Physicians on Sermo See Value in Ticagrelor but Express Concerns About Cost and Time in Market
CAMBRIDGE, Mass., Aug. 26 /PRNewswire/ -- Sermo (http://www.sermo.com/client), the world's largest online community for physicians, today announced a free Sermo Report titled, "FDA Committee Recommends Approval for Ticagrelor." The report covers physician opinions about the introduction of an investigational oral antiplatelet treatment for acute coronary syndrome (ACS). According to the results, 46% of physicians feel that ticagrelor will likely affect the current standard of care, Plavix (clopidogrel), for ACS patients. If approved, 57% of physicians said they could switch up to 20% of their patients to ticagrelor.
The Sermo Report polled 60 physicians, many of who also participated in a discussion about the treatment. Acute coronary syndrome (ACS) incorporates a number of symptoms consistent with the probability that a patient is suffering from active Myocardial Infarction. Competitors to ticagrelor include Bristol-Myers Squibb Co. and Sanofi-Aventis', Plavix and Effient, sold by Eli Lilly & Company.
"Physicians on Sermo see ticagrelor as significantly impactful to clinicians," said Adam Sharp, Chief Medical Officer at Sermo. "However, cost and time in market could slow adoption. While more research on physician awareness still needs to be done, it's also interesting to note that 50% of docs did not know about the FDA approval before seeing it on Sermo."
Highlights from the report include:
- Cost, time in market and generic Plavix were identified as three issues that could dissuade physicians from writing ticagrelor.
- Reversibility and less post-operative bleeding were identified as possible advantages of this medication over Plavix.
Physicians shared their views of ticagrelor:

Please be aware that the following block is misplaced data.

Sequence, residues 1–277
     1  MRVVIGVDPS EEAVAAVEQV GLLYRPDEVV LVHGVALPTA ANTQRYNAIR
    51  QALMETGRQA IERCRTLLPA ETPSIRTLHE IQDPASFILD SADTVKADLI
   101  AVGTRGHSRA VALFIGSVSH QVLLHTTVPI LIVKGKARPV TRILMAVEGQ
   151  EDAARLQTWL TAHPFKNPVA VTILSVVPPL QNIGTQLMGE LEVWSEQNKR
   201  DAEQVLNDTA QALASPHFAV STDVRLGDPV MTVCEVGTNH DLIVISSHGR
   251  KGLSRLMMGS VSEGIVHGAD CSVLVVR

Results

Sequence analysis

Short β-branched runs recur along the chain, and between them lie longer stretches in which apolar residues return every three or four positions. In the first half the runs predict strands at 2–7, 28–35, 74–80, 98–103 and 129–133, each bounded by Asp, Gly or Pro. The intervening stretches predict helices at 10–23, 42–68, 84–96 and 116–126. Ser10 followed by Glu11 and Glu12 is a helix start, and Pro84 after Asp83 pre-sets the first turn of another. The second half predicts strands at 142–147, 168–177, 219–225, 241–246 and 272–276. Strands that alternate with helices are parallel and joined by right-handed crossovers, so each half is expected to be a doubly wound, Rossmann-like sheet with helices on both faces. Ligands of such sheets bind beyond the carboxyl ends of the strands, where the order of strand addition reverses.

"While cost is certainly an issue we deal with all the time (can't wait until Plavix goes generic), there are some advantages with this medication – the biggest being the reversibility. I would be curious to see in the future how cardiac surgeons feel when this drug is in use – will they find that the drug really is reversible and that they find less post-operative bleeding. This would be a clear benefit over Plavix."
--Cardiologist, Sermo physician
"I would wait for a year or two to start prescribing it systematically. This time should be sufficient to elucidate the side-effect profile of the drug."
---Critical Care, Sermo physician
The full Sermo report includes key findings, MD demographics and post analysis.
Download the free report at http://www.sermo.com/client.
About Sermo Reports
Sermo Reports solicit perceptions and opinions from physicians about drugs, devices, treatments, and trends. Data for Sermo Reports are gathered through Sermo Posts, which allow physicians to participate in a poll and discussion about the topic.
Sermo is the largest online physician community, where over 115,000 practicing physicians discuss clinical cases and get advice about drugs and practice management. By leveraging Sermo's social media platform, clients can tap into peer-to-peer dialog and engage MDs to gain market intelligence and increase brand awareness. For more information, visit http://www.sermo.com/clients.